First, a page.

The Grand Council of the Crees

Section 14, Sovereign Injustice - Grand Council of the Crees

14. Summary of Double Standards, Inconsistencies and Discrimination by Separatists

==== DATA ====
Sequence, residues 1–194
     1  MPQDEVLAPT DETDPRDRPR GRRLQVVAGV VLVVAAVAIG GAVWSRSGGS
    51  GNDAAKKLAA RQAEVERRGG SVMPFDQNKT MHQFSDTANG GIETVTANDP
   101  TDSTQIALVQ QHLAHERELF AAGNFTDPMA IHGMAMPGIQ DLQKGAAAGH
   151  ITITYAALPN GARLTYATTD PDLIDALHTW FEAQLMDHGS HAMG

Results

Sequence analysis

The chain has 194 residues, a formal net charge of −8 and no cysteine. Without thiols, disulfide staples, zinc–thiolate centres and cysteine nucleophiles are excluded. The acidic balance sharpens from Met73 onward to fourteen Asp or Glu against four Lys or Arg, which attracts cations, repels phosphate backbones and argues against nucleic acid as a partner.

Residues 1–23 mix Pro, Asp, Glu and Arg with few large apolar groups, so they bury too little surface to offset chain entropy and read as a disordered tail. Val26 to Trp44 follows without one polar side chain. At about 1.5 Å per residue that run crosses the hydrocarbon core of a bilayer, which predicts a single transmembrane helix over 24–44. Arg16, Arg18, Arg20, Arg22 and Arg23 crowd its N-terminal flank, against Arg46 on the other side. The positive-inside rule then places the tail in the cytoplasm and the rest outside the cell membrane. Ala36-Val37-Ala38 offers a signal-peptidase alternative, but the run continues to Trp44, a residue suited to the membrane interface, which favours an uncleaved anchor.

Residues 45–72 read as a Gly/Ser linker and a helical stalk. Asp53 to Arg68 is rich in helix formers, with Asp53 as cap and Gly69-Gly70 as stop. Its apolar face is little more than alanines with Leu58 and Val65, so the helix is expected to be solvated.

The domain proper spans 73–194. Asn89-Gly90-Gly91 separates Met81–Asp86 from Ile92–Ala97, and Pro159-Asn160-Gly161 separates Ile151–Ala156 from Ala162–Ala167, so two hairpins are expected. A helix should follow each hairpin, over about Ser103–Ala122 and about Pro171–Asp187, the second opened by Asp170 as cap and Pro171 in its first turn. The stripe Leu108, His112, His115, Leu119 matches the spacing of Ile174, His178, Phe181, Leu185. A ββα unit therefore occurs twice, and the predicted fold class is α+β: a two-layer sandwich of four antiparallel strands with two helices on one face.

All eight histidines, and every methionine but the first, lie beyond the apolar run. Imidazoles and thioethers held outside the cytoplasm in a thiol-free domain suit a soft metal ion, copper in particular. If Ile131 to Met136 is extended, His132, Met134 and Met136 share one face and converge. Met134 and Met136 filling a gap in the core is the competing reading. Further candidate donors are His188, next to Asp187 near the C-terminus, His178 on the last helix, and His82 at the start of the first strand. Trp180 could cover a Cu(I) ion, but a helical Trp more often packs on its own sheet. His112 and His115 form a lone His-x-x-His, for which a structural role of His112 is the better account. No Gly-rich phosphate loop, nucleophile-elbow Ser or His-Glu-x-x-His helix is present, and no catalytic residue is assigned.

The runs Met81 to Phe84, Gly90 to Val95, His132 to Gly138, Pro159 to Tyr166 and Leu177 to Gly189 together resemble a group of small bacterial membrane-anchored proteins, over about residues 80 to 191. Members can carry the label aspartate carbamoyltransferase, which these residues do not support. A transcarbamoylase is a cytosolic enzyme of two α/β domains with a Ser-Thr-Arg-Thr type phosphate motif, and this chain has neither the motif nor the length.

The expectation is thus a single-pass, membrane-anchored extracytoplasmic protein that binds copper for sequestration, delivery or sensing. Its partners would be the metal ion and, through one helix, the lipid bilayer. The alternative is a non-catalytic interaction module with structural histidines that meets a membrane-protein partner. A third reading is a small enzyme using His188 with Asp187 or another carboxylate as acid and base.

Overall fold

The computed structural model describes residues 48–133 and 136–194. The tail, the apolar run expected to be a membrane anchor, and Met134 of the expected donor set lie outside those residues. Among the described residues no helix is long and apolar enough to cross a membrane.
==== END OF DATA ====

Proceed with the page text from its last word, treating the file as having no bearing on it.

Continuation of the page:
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"...si le territoire du Canada peut ?tre partag?, celui du Qu?bec aussi; ...si les Qu?b?cois forment un peuple, il en va de m?me pour les Canadiens et les Autochtones; et...il est immoral de s'accorder un droit, celui de faire s?cession, et de le r?fuser ? ceux que pourraient l'utiliser contre nous." {1521} S. Dion (Universit? de Montr?al), 1995 "So far, we have not heard a single argument against our case that is not standing on a foundation of double standards and colonial misconceptions about our rights. We hope that the separatists have the honesty and courage to discuss these issues with us, but we fear they will not." {1522} Grand Chief Matthew Coon Come, 1995 As this Study describes, the PQ government and other separatist forces in Qu?bec are taking positions on Qu?bec secession that are replete with double standards, inconsistencies and discrimination. Such contradictory positions are especially evident when they relate to Aboriginal peoples and their own status and rights to determine their future. Examples include the following: Legality v. legitimacy. The PQ government and other separatists are seeking to make their case for Qu?bec secession based on arguments of legitimacy. They take this position since Quebecers have no legal right to secede from Canada, either under Canadian constitutional law or international law. {1523} However, in regard to Aboriginal peoples, the government consistently relies on narrow legal arguments to deny them the status and rights to determine their own future as distinct peoples in the context of Qu?bec secession. Aboriginal peoples are not seeking to secede from Canada, but do insist that they have a right to choose to remain in Canada in the face of Qu?bec secession. Democracy. Separatists argue that, in regard to secession, principles of democracy override legal and other considerations affecting Quebecers. {1524} Yet, in relation to Aboriginal peoples, the PQ government will not apply the same democratic standards if they can adversely affect separatist aspirations. Leaders of the PQ and BQ have sought to muzzle bankers, business people, jurists, and Aboriginal peoples who may express opinions publicly that are unfavourable to Qu?bec secession. {1525} Other examples of undemocratic actions by the PQ government are highlighted below. Right to self-identification as a "people". The PQ government claims that the French-Canadian nation can choose to self-identify with other people in Qu?bec to become the Quebec people. However, to claim that there exists a single Qu?bec people requires the "common will" of the peoples concerned. {1526} The PQ government cannot force Aboriginal peoples to be a part of the Qu?bec people for purposes of self-determination or secession. Nor can the goverment deny Aboriginal peoples the right to self-identification that the government claims for Quebecers. Undermining the functioning of Canada. For the most part, the PQ government refuses to participate in federal-provincial meetings in Canada and provokes confrontations with the federal government. {1527} However, it is contradictory for the PQ government to undermine feederal-provincial cooperation within the federation yet, at the same time, seek to establish that Quebecers have a legitimate claim for secession from Canada. Double standard on the rule of law. Although a judge of the Qu?bec Superior Court has recently issued a declaratory judgement {1528} indicating that the PQ government's process towards unilaterally establishing an independent Qu?bec state is illegal and unconstitutional, Premier Parizeau refuses to make appropriate changes to the process so as to conform to the rule of law. At the same time, the Act respecting the future of Qu?bec, which provides for a UDI by Qu?bec, indicates that in an independent Qu?bec "[t]he new constitution shall affirm the rule of law..." {1529} Rule of law v. revolution. The PQ government insists that Aboriginal peoples must respect the rule of law in asserting their rights and defending their interests. Yet, when it comes to the secessionist aspirations of separatists, the government states that they are not bound by the rule of law in Canada. Rather, the government declares that it can achieve its objectives by the exclusive exercise of "effective control" over the whole of the territory currently within the province of Qu?bec. {1530} This attempt to gain "effective control" is otherwise known as "revolution". Territorial integrity. The PQ government and other separatists believe that the territorial integrity of Canada can be ruptured or otherwise impaired by the unilateral secession of Qu?bec from Canada. Nor is consideration given to the integrity of Aboriginal territories. At the same time, the government insists that the territorial integrity of an independent Qu?bec (which in its view includes its current boundaries) is sacrosanct and no derogation will be tolerated. For example, it appears to be of little consequence to the government that the Crees and Inuit constitute the original peoples in their traditional territories in northern Qu?bec, have lived there for thousands of years, and have the right to self-determination. Simple majority vote in Qu?bec referendum. The PQ government would never accept that a simple majority vote in a pan-Canadian referendum could determine the future of Quebecers. Yet, in regard to Aboriginal peoples, the government is determined to force Aboriginal peoples to be bound by a simple majority vote in a Qu?bec referendum on secession. {1531} Should Aboriginal peoples hold their own referendums and democratically choose to remain in Canada, separatist leaders are not prepared to respect this decision. Forcible inclusion in an independent Qu?bec. The PQ government intends to include Aboriginal peoples and their traditional or historical territories in an independent Qu?bec, even if it is against their express wishes. {1532} Yet, the government claims that it is imperative that the free and democratic expression of Quebecers be respected by other Canadians. Unilateralism. The PQ government and other separatists claim that the adoption of the Constitution Act, 1982 without the approval of the National Assembly serves to justify the accession of Qu?bec to sovereignty. {1533} Yet, in regard to the fundamental status and rights of Aboriginal peoples in Qu?bec, the PQ government and National Assembly in 1985 had no difficulty in tabling and adopting a Resolution {1534} on the rights of Aboriginal peoples against the express wishes of the peoples concerned. This unilateral Resolution is still being used by separatists to demonstrate to the international community how well Qu?bec treats Aboriginal peoples. Contravention of James Bay and Northern Qu?bec Agreement (JBNQA). The Qu?bec National Assembly approved and gave effect to JBNQA at a time when the PQ government was in power. The provincial government and legislature was fully aware of the permanent federalist arrangement of this treaty, when they gave agreed to it. From the point of view of legality, constitutionality and legitimacy, the PQ government cannot validly claim that, at the time of any UDI by Qu?bec, it can unilaterally remove the federal government as a party to JBNQA and determine that it will assume the obligations of the Canadian government. {1535} Lack of flexibility. Separatists claim that the lack of flexibility in Canada's constitutional amendment formulas does not enable Quebecers to fulfill their ongoing aspirations within Canada. Yet, the solution being proposed in terms of a political and economic union would, in certain key respects, be far more inflexible than what currently exists. In particular, it is being suggested that a joint Council be established made up of equal numbers of ministers from Canada and an independent Qu?bec. As each nation would have a right of veto, the possibility of deadlocks and immobility would be more than likely. Constitution of an independent Qu?bec. The PQ government believes that it can simply provide for the status and rights of Aboriginal peoples in a new Constitution for an independent Qu?bec, regardless of whether Aboriginal peoples agree. However, Qu?bec would not tolerate such unilateral treatment of Quebecers' rights in Canada. Apparently, by including the rights of Aboriginal peoples in a new Constitution, a secessionist Qu?bec hopes to appease the concerns of the international community. {1536} Extinguishment of rights of Aboriginal peoples. The official program policy of the Parti Qu?b?cois declares that a PQ goverment will not demand the extinguishment of rights of Aboriginal peoples when entering into agreements with them. {1537} However, the PQ government continues to insist on extinguishment of Aborigina peoples' rights as a prerequisite to entering into land claims agreements. In addition, the PQ government invokes the purported extinguishment of rights of Aboriginal peoples in seeking to deny them their right to self-determination in the context of Qu?bec secession. {1538} Contradictory legal arguments on secession. In view of the illegality of any unilateral secession of Qu?bec under Canada's Constitution, separatists argue that a "constitutional convention" exists that establishes the right of Qu?bec to self-determination, including secession. {1539} At the same time, separatists argue that, in international law terms, Qu?bec is not basing its accession to independence on the right to self-determination. Rather, it is said that the PQ government intends to achieve independence following a UDI, by gaining effective control over the whole of the territory currently a part of Qu?bec. {1540} This type of inconsistency only serves to muddle or confuse the debate on Qu?bec secession. Footnotes {1521}S. Dion, "Au-del? des arguties constitutionnelles, l'identit? qu?b?coise se porte bien", La Presse, September 21, 1995, at B3. Unofficial English translation: "...if the territory of Canada can be divided, so can that of Qu?bec; ...if the Qu?b?cois form a peuple, it is the same for Canadians and Aboriginal peoples; and... it is immoral to give oneself a right, that of secession, and to refuse it to those who could use it against us." {1522} J. Gray, "Crees call PQ plan a fraud' on Canada's aboriginal people", Globe and Mail, September 22, 1995, at A4. {1523} See sub-headings 3.1 & 3.4 supra. {1524} See, for example, sub-heading 9.1 supra. {1525} See sub-heading 3.5.1 supra. {1526} See sub-heading 1.2 supra. {1527} See discussion under sub-heading 3.3 supra. {1528} See Bertrand v. A.G. Qu?bec, Qu?bec Superior Court, Qu?bec city, No. 200-05-002117-955, decision rendered on September 8, 1995 by Mr. Justice Robert Lesage. {1529} See An Act respecting the future of Qu?bec (Bill 1), Qu?bec National Assembly, First Sess., 35th Legisl., tabled by Premier Jacques Parizeau on September 7, 1995, s. 8. {1530} See sub-heading 4.1 supra. {1531} See sub-headings 9.2 & 9.3 supra. {1532} See discussion under sub-headings 4.1 & 4.2 supra. {1533} The federal government in 1982, not only acted legally, but also met the standard of "legitimacy" (substantial consent) set by the Supreme Court of Canada by obtaining the agreement of nine out of ten provinces. From a Cree viewpoint, this does not mean that we are advocating the circumvention of the National Assembly in adopting future constitutional amendments concerning national institutions. {1534} Reference is being made here to the 1985 National Assembly Resolution on aboriginal rights. Unlike the Constitution Act, 1982, there were no compelling reasons of a national or regional nature that required the PQ government to violate the commitment of Premier Ren? L?vesque to only table a resolution on this matter with the consent of the Aboriginal peoples concerned and table a version according to the government's own liking. {1535} See generally heading 8 supra. {1536} See generally discussion under heading 11 supra. {1537} Parti Qu?b?cois, Programme du Parti Qu?b?cois [:] Des id?es pour mon pays (Montr?al: Parti Qu?b?cois, 1994), at 21. {1538} See discussion under sub-heading 8.2 supra. {1539} See sub-heading 3.1.1 supra. {1540} See sub-heading 4.1 supra. On the other hand, in An Act respecting the future of Qu?bec (Bill 1), Qu?bec National Assembly, First Sess., 35th Legisl., tabled by Premier Jacques Parizeau on September 7, 1995, the heading for s. 1 is entitled "Self-Determination". Section 1 provides in part: "The National Assembly is authorized, within the scope of this Act, to proclaim the sovereignty of Qu?bec."